As expected, the Federal Reserve cut interest rates another 25 basis points on Wednesday.
The mainstream read the post FOMC meeting comments to be relatively hawkish, saying Powell and Company seemed to indicate that future rate cutting is on pause.
Peter Schiff opened up his podcast reminding us that just one year ago, the Fed was raising rates and telling us it would continue to do so through 2019. It also claimed that quantitative tightening was on “autopilot.”
“And they said this with a straight face. And everybody believed them.”
At the time, Peter was saying it wasn’t going to happen. He said the central bank would start cutting rates and relaunch QE. And here we are.
The central bank removed the phrase saying it was committed to “act as appropriate to sustain the expansion” from its forward guidance. This was widely viewed as a more hawkish stance. The Fed replaced that language, instead saying, “The Committee will continue to monitor the implications of incoming information for the economic outlook as it assesses the appropriate path of the target range for the federal funds rate.” Powell was more emphatic during his press conference, saying bank officials “see the current stance of monetary policy as likely to remain appropriate.”
Of course, Powell again claimed that the Fed is not engaged in quantitative easing despite the repo operations and bond-buying program. He tried to draw a distinction between QE and today’s operations by pointing out that the central bank is buying short-term bonds today while it bought longer-term debt during QE.
“This is really a distinction without a difference. I mean, who cares what the maturity of the bonds are?”
If the Fed was going to simply let the bonds fall off the books once they matured, the length of the term might be relevant. But Peter said that’s not what’s going to happen.
“They’re just going to keep rolling these bonds over … This is another source of financing, of the Fed financing government debt. That’s quantitative easing. I mean, why did the Federal Reserve do QE in the first place? To keep interest rates lower than they would have been had they not done quantitative easing. And, by extension, to prop up asset prices.”
And why is the Fed doing what it’s doing today?
“For the exact same reason. To keep interest rates artificially low, to suppress the cost of borrowing, to help out all debtors so they can make payments on their debt and to keep the stock market elevated, to keep real estate prices elevated.”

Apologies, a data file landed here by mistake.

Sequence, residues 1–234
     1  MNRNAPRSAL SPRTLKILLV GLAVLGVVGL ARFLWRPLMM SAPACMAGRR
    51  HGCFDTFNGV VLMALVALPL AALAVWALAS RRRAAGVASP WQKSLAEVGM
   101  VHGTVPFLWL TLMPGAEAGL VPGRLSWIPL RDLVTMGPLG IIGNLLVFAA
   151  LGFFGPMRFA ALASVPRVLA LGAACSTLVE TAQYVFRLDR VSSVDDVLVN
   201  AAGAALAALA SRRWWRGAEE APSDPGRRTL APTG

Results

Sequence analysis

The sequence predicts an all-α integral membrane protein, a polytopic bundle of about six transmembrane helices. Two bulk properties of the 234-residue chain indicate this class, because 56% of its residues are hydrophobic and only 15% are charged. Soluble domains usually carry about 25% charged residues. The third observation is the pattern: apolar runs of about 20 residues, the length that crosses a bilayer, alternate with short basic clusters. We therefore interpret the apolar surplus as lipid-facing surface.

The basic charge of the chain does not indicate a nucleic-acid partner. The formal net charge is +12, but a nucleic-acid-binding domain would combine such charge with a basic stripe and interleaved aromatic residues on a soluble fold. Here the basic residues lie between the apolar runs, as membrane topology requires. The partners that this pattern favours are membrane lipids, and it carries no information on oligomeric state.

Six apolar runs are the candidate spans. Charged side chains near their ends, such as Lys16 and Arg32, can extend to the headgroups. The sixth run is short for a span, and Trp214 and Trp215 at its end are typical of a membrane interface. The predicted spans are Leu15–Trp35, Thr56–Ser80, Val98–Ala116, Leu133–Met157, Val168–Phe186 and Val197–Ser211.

We also got the GDP numbers on Wednesday. Growth came in at 1.9%. That was better than expected. But a big chunk of that growth was consumer spending and a revived housing market. This was a function of Fed policy.
“The Federal Reserve is basically doing now what it was doing then, for the same reason it was doing it then, except it doesn’t want to admit. Powell doesn’t want to say that the Fed is doing quantitative easing. The main reason is he doesn’t want to admit the economy needs it.”
In fact, Powell keeps saying the economy is good.
“Well, if everything is good, why do we need the emergency monetary policy when everything wasn’t good? When we were trying to get the economy out of a bad place, we did QE. And if it’s now in a good place, why are we doing it again? So, that’s why he wants to deny he’s doing it.”
When asked, Powell did admit that the current monetary policy is “accommodative.” Peter said it may even be more accommodative than it was when rates were at zero because inflation is higher. In fact. Powell admitted core CPI is finally above 2%. So, if inflation, even as the government measure it is above 2% and the Fed just dropped rates to 1.5%, we’re talking about negative real interest rates.
“That is highly accommodative. I mean, why would the Fed be accommodating the strongest economy in the history of our country? Clearly, the reason Powell thinks we need so much support from the Fed is because he knows the economy is weak, that without the Fed’s help, it would implode. A strong economy doesn’t need the help of the Fed.”
Peter also talked about the fact that the Fed basically admitted that inflation is going to go a whole lot higher. Powell said the Fed would need to see a “really significant” and persistent move up in inflation before considering rate hikes. Basically, Powell conceded that the Fed wasn’t going to be vigilant about inflation. It is willing to let the genie out of the bottle. The question then becomes, how will it ever get the inflation genie back in the bottle? In short, it won’t. Think about what it took for Paul Volker to put the inflation genie back in the bottle in the 1980s. We saw 20% interest rates. Can you imagine that in this debt-riddled, overleveraged economy?
“The only key is when is the market going to wake up to this game, this con. When are they going to realize the box the Fed has put itself in? That it is completely impotent when it comes to inflation-fighting? That it is all bark and no bite, and it basically, it’s not even barking yet? It’s only talking about the prospect of barking in the future, but it will never bite. And when the markets figure this out, the bottom is going to drop out of the dollar. Gold is going to absolutely go through the roof.”
Governed by a small group of elite multinationals, Facebook’s Libra might as well be called DavosCoin.
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